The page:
(A) Although offering a dynamic range simply absent on the harpsichord, the original fortepiano, invented in the early eighteenth century
(B) Although the original fortepiano, invented in the early eighteenth century, offered a dynamic range simply absent on the harpsichord
(C) Although it offered a dynamic range simply absent on the harpsichord, the original fortepiano, invented in the early eighteenth century
(D) Invented in the early eighteenth century, the original fortepiano offered a dynamic range simply absent on the harpsichord
(E) The original fortepiano, invented in the early eighteenth century, although it offered a dynamic range simply absent on the harpsichord

One of the five answer choices may appear correct but it would make the entire sentence a run-on sentence. Here is a blog article that not only explores the idea of the run-on sentence error but also gives a detailed explanation to the above SC question.
http://magoosh.com/gmat/2012/run-on-sen ... questions/

Experts --- any further tips you would like to add concerning run-on sentences?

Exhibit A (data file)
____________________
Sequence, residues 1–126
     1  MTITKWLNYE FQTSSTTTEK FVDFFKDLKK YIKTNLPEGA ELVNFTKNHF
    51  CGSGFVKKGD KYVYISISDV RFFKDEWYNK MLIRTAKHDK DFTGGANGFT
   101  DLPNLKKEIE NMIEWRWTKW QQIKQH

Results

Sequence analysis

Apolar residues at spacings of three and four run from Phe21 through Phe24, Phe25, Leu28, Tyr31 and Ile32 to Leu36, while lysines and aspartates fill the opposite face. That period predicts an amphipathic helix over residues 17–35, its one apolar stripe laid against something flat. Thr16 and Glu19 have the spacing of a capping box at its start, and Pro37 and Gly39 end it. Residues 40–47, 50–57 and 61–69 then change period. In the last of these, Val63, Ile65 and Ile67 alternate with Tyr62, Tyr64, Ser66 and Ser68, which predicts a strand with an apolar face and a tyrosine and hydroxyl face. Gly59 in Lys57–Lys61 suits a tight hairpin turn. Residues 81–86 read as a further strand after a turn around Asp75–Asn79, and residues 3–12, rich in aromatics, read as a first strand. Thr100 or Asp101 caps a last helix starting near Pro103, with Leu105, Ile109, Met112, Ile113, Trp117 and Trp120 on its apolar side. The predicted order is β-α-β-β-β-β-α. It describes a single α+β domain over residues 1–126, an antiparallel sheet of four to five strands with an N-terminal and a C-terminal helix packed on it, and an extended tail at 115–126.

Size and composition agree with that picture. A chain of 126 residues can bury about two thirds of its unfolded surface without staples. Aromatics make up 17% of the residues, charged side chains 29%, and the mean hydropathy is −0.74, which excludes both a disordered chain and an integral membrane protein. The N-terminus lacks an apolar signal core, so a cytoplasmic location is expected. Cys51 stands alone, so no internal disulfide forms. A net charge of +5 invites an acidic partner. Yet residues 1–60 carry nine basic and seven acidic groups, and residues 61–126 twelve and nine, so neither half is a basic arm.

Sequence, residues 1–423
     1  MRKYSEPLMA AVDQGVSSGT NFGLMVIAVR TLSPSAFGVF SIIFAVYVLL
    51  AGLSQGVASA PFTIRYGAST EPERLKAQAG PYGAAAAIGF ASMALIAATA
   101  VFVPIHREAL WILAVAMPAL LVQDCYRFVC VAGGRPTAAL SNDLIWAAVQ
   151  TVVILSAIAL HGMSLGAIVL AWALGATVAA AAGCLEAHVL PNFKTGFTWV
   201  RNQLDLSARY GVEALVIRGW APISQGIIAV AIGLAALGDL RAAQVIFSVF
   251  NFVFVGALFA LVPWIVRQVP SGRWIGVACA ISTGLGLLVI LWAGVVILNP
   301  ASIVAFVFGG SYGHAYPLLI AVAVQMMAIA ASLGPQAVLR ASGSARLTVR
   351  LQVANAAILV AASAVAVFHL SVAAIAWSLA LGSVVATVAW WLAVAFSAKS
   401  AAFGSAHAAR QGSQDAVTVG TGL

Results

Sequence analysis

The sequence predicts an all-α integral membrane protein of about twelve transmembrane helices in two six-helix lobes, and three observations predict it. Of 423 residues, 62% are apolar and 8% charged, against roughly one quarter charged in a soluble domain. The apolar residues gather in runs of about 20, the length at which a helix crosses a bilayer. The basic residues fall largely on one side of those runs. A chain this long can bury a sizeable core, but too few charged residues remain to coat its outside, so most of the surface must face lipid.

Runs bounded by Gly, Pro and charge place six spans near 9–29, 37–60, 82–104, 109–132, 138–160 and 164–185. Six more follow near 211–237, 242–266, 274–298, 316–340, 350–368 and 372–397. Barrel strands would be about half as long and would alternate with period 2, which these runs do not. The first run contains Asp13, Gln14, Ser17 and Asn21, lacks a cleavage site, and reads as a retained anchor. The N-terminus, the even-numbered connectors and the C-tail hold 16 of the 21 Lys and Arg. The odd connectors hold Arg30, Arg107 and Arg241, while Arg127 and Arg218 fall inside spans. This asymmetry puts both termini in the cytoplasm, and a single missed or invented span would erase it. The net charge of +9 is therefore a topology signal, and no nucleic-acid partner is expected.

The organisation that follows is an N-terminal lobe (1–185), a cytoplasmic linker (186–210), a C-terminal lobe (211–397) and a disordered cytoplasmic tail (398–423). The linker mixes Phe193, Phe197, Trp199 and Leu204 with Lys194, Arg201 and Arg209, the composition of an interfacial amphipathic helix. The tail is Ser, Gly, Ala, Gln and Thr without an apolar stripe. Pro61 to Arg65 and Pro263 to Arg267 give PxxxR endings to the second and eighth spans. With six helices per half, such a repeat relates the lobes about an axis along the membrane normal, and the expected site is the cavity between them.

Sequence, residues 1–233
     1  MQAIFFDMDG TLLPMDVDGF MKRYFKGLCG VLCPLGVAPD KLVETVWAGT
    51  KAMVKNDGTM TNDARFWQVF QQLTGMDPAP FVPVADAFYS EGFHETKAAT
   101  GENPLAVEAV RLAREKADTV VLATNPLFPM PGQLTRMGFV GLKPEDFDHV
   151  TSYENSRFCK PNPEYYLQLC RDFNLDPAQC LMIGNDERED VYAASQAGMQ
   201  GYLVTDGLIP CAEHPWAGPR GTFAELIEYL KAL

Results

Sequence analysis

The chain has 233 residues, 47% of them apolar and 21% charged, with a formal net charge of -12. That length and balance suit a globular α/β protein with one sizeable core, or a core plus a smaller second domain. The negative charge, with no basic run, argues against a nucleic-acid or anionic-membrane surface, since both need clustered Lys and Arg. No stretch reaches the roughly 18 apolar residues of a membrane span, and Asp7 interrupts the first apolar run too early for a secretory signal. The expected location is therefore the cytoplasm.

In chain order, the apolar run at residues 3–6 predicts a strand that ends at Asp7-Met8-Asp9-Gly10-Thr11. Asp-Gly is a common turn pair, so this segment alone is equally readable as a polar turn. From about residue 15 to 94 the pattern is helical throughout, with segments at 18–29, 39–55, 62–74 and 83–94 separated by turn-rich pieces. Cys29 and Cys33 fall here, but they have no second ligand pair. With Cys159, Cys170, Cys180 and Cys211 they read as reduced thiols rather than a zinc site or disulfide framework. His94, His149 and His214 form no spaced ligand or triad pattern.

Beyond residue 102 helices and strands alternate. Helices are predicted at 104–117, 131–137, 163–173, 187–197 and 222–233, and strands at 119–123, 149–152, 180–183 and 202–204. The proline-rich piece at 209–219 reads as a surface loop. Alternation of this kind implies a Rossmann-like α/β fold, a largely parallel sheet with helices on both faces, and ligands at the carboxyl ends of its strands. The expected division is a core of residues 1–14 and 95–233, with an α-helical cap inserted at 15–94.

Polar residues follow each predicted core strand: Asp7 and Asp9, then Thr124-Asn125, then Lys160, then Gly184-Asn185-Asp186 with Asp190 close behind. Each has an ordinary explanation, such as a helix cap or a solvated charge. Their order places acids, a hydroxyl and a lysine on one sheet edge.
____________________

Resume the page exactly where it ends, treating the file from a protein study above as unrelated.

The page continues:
Mike

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Re: Although offering a dynamic range simply absent on the  [#permalink]

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26 Mar 2015, 18:47
Thanks for the Q, Mike.

What I don't quite understand about b) is how this is "100% correct", so as to say...

(B) Although the original fortepiano, (sth), offered a dynamic range simply absent on the harpsichord — (sth) — the fortepiano would now sound dynamically limited compared to our modern grand pianos.

Isn't this quite redundant/wordy?
Why not? Because the 1st is the "original" and the 2nd is the "current" one?

Most probably would say that placing "it" instead of the 2nd "fortepiano" would be ambiguous, but repeating the word sounds incorrect to me.
(I guess "sounds incorrect" is not good enough to eliminate an option)

Regarding d), couldn't the 2nd hyphen act as a semicolon, separating two independent clauses?

(D) Invented in the early eighteenth century, the original fortepiano offered a dynamic range simply absent on the harpsichord — (sth) the fortepiano would now sound dynamically limited compared to our modern grand pianos.

Magoosh GMAT Instructor
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Re: Although offering a dynamic range simply absent on the  [#permalink]

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27 Mar 2015, 11:08
1
PANCHODV wrote:
Thanks for the Q, Mike.

What I don't quite understand about b) is how this is "100% correct", so as to say...